Snook Farm

Conservancy of Jacob Sheep


One of the world's most beautiful and rare sheep comes from the hills of the Cotswolds in England. They are thought to be descended from a long wool introduced by the Romans in the first century A.D. This prototype sheep gave birth to the Cotswold, Lincoln and Leicester.

The Cotswold was well established by the 15th Century and the wealth obtained from these ''gentle giants'' paid for many of the great Cathedrals and churches in England, most notable Gloucester Cathedral. The word Cotswold stems from the wolds (hills) and cotes (enclosures) which housed the sheep in bad weather, hence the wolds of the sheep cotes.

Cotswolds played a great part in early American farming history even though today they are rare.

They were first introduced by Christopher Dunn into New York, near Albany in 1832. By 1879 this was the most popular breed in America. By 1914 over 760,000 were recorded and it was still a very popular breed in the West until Merinos were introduced from Australia. Merinos had the finest fleece and quick maturing lambs. By the 1980's there were fewer than 600 Cotswolds in all of Britain and in the US; in 1993 there were less than 400 lambs registered.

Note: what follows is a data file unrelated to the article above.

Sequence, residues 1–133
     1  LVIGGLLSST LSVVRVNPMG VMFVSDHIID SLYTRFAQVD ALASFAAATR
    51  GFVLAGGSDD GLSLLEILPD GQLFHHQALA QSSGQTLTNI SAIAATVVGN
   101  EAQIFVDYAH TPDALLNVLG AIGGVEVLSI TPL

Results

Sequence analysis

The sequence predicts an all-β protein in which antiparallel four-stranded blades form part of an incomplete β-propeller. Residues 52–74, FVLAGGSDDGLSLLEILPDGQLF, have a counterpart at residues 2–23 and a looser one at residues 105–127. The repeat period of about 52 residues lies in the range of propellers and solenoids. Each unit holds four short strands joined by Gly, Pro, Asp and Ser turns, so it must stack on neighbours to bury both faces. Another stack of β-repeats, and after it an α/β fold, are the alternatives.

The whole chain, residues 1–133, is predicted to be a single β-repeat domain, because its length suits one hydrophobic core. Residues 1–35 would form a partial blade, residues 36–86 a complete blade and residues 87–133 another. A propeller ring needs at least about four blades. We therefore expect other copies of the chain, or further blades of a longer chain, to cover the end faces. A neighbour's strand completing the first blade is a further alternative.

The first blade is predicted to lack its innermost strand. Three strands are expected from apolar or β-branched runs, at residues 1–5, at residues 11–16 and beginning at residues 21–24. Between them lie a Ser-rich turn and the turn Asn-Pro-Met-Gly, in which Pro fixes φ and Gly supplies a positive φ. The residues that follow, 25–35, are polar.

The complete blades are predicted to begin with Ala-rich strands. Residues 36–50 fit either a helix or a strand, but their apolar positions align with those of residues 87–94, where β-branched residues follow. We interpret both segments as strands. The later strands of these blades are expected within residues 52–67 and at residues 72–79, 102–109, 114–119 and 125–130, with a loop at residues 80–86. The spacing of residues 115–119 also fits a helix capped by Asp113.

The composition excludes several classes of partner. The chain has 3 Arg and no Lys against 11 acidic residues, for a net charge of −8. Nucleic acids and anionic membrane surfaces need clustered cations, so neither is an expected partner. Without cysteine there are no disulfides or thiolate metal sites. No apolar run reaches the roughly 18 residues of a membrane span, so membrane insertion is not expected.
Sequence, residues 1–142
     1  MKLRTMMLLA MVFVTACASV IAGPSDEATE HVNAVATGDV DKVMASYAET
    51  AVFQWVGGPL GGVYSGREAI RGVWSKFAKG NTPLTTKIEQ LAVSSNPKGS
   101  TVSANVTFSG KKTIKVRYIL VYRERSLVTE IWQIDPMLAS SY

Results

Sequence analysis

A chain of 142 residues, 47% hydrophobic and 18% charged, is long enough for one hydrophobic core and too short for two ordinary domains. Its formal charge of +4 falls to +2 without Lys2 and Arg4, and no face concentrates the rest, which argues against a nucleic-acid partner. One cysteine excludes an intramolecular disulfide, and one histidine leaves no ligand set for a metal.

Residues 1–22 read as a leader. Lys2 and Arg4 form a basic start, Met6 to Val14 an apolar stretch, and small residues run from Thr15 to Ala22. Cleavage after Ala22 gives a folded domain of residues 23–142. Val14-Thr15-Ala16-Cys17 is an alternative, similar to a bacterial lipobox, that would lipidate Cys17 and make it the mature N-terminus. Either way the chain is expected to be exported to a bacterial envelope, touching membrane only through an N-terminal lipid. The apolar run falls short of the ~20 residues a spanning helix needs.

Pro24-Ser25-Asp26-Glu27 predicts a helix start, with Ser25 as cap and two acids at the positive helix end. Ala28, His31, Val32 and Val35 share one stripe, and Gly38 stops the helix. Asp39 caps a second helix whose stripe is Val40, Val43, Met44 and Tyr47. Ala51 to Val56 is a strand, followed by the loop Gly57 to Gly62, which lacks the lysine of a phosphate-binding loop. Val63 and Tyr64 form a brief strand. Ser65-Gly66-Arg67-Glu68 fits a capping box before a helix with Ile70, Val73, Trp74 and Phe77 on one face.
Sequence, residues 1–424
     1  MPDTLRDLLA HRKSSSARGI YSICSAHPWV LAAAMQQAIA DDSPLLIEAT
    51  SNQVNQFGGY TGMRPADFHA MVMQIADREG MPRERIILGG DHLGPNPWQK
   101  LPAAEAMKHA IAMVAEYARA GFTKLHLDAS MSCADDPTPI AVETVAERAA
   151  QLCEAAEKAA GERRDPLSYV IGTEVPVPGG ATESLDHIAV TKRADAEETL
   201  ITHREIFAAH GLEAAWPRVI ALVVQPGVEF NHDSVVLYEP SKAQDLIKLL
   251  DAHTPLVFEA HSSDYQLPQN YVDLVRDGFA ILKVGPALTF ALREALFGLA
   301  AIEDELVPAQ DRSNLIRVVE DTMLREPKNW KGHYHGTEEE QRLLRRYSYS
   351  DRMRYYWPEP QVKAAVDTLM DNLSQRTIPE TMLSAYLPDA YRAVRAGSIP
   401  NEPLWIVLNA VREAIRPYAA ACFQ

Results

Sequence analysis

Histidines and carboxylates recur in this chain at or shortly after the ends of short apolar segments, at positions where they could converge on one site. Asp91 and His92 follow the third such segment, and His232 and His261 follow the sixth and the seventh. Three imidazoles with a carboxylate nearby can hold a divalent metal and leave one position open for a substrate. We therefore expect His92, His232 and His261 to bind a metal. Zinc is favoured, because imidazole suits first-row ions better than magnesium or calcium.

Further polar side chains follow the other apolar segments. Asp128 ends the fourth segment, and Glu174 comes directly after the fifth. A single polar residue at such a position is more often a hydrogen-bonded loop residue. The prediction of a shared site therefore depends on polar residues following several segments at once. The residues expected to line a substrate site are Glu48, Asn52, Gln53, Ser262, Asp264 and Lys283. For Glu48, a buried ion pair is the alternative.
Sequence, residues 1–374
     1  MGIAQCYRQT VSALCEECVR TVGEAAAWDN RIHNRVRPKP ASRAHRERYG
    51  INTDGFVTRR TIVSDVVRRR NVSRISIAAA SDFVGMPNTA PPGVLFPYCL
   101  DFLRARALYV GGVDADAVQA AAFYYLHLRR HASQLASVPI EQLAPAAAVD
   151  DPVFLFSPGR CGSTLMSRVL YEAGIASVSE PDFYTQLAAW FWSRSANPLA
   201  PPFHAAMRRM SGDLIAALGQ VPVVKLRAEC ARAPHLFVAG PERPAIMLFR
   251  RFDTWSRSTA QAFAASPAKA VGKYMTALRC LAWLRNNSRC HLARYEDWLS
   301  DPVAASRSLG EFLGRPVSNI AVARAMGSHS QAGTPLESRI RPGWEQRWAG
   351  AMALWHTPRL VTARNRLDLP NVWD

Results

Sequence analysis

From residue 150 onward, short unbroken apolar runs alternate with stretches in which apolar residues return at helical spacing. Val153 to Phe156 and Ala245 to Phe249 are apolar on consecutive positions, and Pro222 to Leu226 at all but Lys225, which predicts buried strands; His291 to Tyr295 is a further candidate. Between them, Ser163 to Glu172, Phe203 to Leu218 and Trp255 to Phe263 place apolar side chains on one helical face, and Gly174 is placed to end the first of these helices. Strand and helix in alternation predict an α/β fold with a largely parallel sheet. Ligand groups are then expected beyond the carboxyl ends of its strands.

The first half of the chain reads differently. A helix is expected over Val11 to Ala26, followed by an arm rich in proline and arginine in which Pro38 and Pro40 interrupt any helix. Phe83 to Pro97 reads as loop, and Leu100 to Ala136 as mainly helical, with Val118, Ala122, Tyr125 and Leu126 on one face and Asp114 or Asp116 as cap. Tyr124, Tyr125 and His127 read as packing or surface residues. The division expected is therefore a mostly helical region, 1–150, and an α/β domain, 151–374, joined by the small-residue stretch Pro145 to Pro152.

Thanks to the American Livestock Breeders Conservancy and other groups, Cotswolds have been removed from the ''rare breed list'' and are enjoying popularity among spinners. The Cotswold can yield 15 pounds of wool per shearing with the fiber up to 12'' long. It is highly lustrous fleece with a micron count in the 40s and is sometimes called poorman's mohair.


Snook Farm Raise Pedigree Jacob Sheep and Cotswold Sheep